At The Ends and Goals of Higher Education in Twenty-First-Century America: Change and the Calling of the Christian Educator, I had the privilege of getting to know a number of Christians who serve Christ in higher education. One such faculty was Dr. Jay McGhee, who serves as Assistant Professor, Department of Natural Sciences, Northwest Missouri State University. In follow-up to our time together, I asked him a few questions regarding his life in higher education. We pray that you will find these words an encouragement as they “pull back” some of the veil of one Christian’s work-life journey in higher education. To God be the glory! ~ Thomas B. Grosh IV, Associate Director, Emerging Scholars Network
What were the key moments or individuals that guided you toward an academic vocation?
Several factors guided me towards an academic vocation. I began college after a brief stint in the U.S. Army, and one of the things I liked about the army were the field experiences. I had hopes that through college I could pursue a course of study that would allow me to continue to do work outdoors. I’m also a fan of John Steinbeck. His novel Cannery Row, along with his eulogy of his friend Ed Ricketts (a biologist) really influenced me to try wildlife biology as a major. Eventually, I took a course called Evolution & Genetics, which required some active research on my part as an undergraduate. It was my first experience actually conducting science, and I loved it. When I continued my education in graduate school, I earned money as a lab TA, and that got me hooked on teaching. Where can you both teach and practice science? At the university!
How does your faith in Christ and theology of vocation influence your work as a faculty member in your particular field of study?
Martin Luther once told a cobbler that the best way he could serve the Lord was to make good shoes. In a similar way, I’m called to teach good biology, i.e. biology that is up-to-date, well-established, and presented in a way that honors Christ. “Christ-honoring” in this case means teaching to the best of my ability, and presenting material such that it doesn’t serve to dehumanize people, which can sometimes happen in biology. If you aren’t careful, you can fall into conceptual explanations that work off the assumption that people are basically glorified machines, and I try to avoid that. I also strive to interweave teaching and research as much as possible. Rather than compartmentalize the two, I work to develop research programs that undergraduates can easily participate in. This gives them a better education in the form of hands-on training, and allows me to pursue research questions that I find enjoyable, without really having to chase grant monies. I should say, however, that being at a smaller school that focuses primarily on teaching really helps me to do that, I doubt I’d be able to pursue that strategy at a research I university.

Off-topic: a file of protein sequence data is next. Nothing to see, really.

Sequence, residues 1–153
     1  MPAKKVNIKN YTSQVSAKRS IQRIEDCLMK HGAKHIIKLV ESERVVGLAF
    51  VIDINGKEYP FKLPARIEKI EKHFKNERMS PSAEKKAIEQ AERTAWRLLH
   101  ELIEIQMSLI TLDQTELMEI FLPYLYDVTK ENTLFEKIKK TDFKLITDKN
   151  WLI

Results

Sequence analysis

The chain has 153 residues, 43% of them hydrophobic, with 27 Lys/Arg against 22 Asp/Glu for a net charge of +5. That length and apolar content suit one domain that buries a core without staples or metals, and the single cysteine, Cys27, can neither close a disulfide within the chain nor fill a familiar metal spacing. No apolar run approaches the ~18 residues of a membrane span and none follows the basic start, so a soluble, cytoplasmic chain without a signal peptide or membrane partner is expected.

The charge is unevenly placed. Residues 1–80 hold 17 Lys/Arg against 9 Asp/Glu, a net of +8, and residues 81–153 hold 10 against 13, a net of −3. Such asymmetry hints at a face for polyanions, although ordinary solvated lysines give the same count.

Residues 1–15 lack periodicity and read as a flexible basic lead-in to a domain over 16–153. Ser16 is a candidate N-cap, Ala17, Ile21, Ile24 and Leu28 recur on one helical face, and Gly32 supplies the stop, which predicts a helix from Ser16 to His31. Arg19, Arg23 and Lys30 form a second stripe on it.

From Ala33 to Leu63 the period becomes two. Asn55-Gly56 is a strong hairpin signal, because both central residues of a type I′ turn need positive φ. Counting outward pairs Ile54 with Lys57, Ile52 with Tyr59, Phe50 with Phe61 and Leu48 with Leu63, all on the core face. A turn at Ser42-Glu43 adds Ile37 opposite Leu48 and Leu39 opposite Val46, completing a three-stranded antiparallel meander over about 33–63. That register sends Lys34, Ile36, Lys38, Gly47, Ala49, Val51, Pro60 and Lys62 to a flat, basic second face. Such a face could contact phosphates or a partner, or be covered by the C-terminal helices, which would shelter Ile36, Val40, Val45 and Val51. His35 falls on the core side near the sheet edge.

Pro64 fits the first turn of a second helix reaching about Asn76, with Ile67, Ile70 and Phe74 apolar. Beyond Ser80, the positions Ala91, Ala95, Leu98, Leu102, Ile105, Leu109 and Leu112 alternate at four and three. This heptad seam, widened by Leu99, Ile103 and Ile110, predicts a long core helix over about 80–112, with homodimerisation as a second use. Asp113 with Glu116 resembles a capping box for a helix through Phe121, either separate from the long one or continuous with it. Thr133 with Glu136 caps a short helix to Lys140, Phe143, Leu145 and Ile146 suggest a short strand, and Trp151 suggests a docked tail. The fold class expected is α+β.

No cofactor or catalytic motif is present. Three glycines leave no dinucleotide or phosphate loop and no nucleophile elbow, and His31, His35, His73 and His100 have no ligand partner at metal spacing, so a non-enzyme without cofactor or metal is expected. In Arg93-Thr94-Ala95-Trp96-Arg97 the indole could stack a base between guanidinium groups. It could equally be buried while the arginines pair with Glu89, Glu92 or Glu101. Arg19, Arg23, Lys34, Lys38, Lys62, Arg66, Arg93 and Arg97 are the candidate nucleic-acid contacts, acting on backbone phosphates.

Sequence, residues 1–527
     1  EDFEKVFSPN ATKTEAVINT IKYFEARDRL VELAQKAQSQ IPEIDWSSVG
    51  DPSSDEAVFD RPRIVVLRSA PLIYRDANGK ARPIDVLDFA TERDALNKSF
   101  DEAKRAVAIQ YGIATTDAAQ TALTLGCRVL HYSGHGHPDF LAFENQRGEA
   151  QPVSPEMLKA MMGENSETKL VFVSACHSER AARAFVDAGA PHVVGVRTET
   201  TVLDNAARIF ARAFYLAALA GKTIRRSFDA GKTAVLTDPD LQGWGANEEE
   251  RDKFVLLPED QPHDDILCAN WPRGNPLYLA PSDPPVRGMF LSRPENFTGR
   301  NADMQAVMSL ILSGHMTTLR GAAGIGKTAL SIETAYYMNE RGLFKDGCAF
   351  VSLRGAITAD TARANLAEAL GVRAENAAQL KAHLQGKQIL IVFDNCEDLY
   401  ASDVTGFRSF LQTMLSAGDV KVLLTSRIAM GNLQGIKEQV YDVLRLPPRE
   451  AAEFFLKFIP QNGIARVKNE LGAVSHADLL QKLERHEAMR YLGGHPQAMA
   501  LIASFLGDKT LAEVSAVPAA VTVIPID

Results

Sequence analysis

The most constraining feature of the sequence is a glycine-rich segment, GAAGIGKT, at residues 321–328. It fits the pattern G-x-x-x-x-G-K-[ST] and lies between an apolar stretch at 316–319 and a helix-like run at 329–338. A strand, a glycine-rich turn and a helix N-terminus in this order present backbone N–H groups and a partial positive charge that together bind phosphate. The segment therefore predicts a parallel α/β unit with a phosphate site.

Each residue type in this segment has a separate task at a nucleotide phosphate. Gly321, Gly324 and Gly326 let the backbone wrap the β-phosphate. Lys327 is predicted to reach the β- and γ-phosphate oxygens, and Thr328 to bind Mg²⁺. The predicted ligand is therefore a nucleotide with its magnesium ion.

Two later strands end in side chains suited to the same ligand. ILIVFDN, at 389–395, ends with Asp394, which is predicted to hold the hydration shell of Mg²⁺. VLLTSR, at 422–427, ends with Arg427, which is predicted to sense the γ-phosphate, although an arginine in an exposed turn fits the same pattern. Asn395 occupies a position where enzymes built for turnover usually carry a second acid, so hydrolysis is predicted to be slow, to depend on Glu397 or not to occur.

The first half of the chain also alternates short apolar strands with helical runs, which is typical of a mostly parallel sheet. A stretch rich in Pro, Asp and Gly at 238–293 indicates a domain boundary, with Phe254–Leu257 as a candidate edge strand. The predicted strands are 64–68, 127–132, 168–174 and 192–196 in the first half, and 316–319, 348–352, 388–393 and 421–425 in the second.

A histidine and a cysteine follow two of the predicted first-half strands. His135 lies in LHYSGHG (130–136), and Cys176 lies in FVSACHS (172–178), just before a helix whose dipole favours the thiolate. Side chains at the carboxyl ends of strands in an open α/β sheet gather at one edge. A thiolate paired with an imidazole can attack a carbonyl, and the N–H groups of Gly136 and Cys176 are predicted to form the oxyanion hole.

How do you nurture your relationship with God?
Primarily, I remain connected and committed to my local church. In physical bodies, cells that do not remain connected to the larger body tend to wither and die, and I think the same principle is at work in Christ’s body, the church. Christians that want to thrive in their relationship with God have to remain connected to their “spiritual nutrient pathway”. In a healthy church, that nutrition for maintenance and growth will come in the form of fellowship with other believers, regular Bible reading and study, application of the sacraments (the Lord’s Supper and baptism) and a regular reaffirmation of the gospel: Christ’s birth, death, and resurrection paying the debt for our sin, making us righteous in God’s sight, sanctifying us and allowing for our adoption as children of God. I’m also trying to develop an active prayer life at home (but it’s been tough going), concurrent with very regular Bible reading. I’d also like to say, that although marriage in academia is not always easy, and certainly God does not call everyone to marriage, my wife has been instrumental in my spiritual growth. Her love and support is such that I do not think I could have grown the little that I have without it.
What books influenced you the most through the academic process? How did they influence you?
Books that have helped me develop how I think about evolution and science: Dennis Chitty’s Do Lemmings Commit Suicide: Beautiful Hypotheses and Ugly Facts, Evolution: The Remarkable History of a Scientific Theory, by Edward Larson, What It Means to be 98% Chimpanzee, by Jonathon Marks, The Soul of Science, by Nancy Pearcey & Charles Thaxton. A book that has helped me think about ecology from a Christian perspective is Francis Schaeffer’s Pollution and the Death of Man.
What topics must Christians be prepared to engage in today’s higher education?
Typically we have 3 missions in the academy: teaching, research, and service to the university and the larger community. These are good missions, and a Christian professor can worship Christ by performing these duties to the best of their ability. By focusing on these, I think we can alleviate the smaller, passing crises that will arise every generation. As such, we need to be focused on developing students into open-minded thinkers who are prepared to engage their chosen vocation so that they can better serve society. While not directly evangelistic, a truly open-minded thinker may be a more fertile mind for the truth of Jesus Christ. We need to develop enjoyable research avenues that help society and reveal the glory of God (thus research does not absolutely require direct application). We need to find ways as a college or university, or as representatives thereof, to serve the larger community. This acts to spread the blessings inherent in the university (knowledge, resources, student workers) to those who would not normally have access to it.